The Economic Times is an English-language, Indian daily newspaper headquartered in Mumbai, India, at The Times of India building. Published by Bennett, Coleman & Co. Ltd., The Economic Times began publication in 1961. As of 2012, it is the world's second-most widely read English-language business newspaper, after The Wall Street Journal, with a readership of over 800,000. It is published simultaneously from 14 cities: Mumbai, Bangalore, Delhi, Chennai, Kolkata, Lucknow, Hyderabad, Jaipur, Ahmedabad, Nagpur, Chandigarh, Pune, Indore and Bhopal its main content is based on the Indian economy, international finance, share prices, prices of commodities as well as other matters related to finance. The founding editor of the paper when it was launched in 1961 was P. S. Hariharan. The current editor of The Economic Times is Bodhisattva Ganguli.
Filmfare is an English-language, tabloid-sized magazine about Hindi-language cinema, popularly known as Bollywood. Established in 1952, the magazine is published by Worldwide Media, a subsidiary of The Times Group, India's largest media services conglomerate. Filmfare is one of the most popular entertainment magazine in India. Since 1954, it gives popular film awards the annual Filmfare Awards, Filmfare Awards South and Filmfare Awards East.
Dinamalar is a National Tamil daily newspaper. It was founded in 1951 by T. V. Ramasubba Iyer. Dinamalar has an average circulation of 942,812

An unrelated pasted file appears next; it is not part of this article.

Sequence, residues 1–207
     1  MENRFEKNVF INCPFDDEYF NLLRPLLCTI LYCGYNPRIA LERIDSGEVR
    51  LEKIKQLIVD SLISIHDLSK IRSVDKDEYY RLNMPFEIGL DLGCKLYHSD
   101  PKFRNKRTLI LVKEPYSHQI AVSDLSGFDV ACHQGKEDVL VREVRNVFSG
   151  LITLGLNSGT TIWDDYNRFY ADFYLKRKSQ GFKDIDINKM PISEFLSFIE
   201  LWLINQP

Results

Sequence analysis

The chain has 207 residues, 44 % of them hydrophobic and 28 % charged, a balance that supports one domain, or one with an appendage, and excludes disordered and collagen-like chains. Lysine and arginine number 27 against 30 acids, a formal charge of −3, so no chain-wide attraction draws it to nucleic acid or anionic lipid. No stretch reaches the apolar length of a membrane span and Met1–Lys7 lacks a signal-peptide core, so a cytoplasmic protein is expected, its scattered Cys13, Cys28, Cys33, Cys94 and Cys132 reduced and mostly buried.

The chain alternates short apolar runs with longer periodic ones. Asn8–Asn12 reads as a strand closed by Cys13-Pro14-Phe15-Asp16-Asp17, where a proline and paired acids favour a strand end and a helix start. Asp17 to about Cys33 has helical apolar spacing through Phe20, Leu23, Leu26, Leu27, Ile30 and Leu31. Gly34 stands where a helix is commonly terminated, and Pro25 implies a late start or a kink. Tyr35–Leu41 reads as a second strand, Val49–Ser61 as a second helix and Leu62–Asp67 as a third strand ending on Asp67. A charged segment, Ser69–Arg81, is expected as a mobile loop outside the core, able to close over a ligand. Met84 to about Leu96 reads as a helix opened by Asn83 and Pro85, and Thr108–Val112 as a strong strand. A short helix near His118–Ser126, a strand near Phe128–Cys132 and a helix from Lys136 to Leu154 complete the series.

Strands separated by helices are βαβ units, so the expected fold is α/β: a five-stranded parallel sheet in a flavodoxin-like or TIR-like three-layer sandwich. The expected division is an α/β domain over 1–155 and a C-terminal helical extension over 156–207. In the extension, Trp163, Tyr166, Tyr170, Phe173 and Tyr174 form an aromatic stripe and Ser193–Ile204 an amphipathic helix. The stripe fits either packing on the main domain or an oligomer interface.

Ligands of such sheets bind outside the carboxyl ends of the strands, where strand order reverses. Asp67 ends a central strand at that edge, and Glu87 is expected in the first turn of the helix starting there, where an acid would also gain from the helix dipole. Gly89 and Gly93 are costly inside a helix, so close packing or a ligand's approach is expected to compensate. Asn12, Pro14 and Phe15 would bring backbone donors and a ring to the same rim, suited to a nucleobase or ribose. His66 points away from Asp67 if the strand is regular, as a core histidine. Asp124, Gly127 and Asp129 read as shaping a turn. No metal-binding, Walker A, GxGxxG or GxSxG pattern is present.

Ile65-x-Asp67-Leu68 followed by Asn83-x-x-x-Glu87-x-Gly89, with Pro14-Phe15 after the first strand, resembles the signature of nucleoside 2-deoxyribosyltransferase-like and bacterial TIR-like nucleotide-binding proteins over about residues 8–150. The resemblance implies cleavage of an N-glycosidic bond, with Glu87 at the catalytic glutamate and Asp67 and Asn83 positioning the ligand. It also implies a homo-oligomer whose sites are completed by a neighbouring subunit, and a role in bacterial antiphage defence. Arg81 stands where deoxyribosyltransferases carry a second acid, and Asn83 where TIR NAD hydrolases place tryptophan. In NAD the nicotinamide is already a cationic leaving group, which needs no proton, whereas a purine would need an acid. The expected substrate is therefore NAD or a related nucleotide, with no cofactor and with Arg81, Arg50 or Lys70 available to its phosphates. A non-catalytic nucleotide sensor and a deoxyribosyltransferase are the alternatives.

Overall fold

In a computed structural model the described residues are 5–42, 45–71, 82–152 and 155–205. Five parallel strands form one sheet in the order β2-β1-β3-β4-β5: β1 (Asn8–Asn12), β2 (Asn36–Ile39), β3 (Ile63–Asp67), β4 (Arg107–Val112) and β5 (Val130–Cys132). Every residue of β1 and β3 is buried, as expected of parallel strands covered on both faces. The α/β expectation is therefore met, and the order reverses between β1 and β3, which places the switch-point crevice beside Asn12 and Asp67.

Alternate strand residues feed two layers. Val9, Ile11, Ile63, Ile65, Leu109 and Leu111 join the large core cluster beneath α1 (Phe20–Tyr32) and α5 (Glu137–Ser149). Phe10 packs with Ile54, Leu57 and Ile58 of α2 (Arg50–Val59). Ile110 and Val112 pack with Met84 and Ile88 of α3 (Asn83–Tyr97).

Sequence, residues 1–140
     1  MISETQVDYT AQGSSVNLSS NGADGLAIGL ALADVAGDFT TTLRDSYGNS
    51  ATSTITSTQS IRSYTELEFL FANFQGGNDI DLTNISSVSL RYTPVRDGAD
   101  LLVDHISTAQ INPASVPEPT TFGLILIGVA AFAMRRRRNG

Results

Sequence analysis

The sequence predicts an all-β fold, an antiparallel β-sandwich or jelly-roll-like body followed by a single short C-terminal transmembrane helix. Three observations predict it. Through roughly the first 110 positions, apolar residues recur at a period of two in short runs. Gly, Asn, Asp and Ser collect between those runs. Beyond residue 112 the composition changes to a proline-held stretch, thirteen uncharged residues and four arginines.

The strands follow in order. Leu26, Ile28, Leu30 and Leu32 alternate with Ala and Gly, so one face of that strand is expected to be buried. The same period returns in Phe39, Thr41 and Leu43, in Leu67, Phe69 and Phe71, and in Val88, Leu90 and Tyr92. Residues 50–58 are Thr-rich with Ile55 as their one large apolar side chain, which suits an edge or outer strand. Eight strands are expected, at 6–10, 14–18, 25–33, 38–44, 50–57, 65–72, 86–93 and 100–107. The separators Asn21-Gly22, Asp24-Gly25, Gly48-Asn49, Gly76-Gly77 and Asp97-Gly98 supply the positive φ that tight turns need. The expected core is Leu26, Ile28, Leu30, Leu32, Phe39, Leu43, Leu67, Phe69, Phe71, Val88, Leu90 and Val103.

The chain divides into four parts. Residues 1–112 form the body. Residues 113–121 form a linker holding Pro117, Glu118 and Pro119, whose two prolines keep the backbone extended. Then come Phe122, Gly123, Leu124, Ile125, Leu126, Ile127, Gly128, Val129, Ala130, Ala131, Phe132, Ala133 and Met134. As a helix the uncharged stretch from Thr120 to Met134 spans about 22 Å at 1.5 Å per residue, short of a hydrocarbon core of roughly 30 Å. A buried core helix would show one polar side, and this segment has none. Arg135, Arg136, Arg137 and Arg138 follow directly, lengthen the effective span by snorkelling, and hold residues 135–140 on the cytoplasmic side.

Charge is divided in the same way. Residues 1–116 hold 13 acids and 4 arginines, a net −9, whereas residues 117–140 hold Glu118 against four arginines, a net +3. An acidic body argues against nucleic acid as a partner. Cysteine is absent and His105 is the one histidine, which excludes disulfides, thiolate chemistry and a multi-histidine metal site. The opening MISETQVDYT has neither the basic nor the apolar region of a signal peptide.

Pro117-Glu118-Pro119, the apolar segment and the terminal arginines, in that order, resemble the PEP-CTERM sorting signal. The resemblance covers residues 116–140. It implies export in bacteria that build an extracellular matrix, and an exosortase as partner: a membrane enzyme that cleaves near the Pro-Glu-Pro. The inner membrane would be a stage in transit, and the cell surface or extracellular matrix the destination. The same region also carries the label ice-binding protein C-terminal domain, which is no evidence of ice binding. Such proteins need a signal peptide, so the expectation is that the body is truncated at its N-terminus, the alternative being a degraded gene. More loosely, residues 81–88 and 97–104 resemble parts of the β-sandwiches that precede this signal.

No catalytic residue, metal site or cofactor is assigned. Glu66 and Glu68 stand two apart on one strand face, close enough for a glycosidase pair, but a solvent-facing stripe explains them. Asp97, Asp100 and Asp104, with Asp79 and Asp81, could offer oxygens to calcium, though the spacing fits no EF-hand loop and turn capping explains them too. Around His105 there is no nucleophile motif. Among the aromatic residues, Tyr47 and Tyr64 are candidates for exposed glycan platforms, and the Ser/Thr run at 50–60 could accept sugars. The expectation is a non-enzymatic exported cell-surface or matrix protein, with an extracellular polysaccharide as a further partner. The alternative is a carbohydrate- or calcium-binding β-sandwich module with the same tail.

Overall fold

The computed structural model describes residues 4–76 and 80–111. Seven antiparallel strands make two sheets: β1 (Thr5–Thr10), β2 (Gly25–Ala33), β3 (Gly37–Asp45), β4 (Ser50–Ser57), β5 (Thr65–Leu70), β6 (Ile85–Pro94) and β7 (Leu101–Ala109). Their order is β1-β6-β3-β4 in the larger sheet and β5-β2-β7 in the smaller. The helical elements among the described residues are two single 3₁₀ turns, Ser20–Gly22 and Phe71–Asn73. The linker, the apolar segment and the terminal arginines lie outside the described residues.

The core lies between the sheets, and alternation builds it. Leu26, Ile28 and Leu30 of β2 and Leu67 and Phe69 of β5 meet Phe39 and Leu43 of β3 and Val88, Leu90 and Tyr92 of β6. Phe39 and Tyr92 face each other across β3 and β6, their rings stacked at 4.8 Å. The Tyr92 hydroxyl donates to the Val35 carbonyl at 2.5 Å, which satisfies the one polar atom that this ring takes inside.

Indu Jain is a prominent Indian media personality who belongs to the Sahu Jain family and is currently the chairperson of India's largest media group, Bennett, Coleman & Co. Ltd., which is popularly know as the Times Group. This group owns the Times of India and other large newspapers.
Sahu Jain family is an industrial family of India. They own Bennett, Coleman & Co. Ltd., which owns The Times of India, the most widespread selling English newspaper in the world. The members of the extended family have interests in education, chemicals and finance.
Sahu Shanti Prasad Jain was an industrialist and philanthropist of India. He was the son-in-law of Ramkrishna Dalmia and former chairman of Bennett, Coleman. His family, Sahu Jains, owns the Times of India newspaper group.
Indian National Airways Ltd was an airline based in Delhi, India. The founder of the airline was R. E. Grant Govan, a Delhi based British industrialist who also co-founded the Board of Control for Cricket in India and the Cricket Club of India. The airline was formed on the basis of a government airmail contract.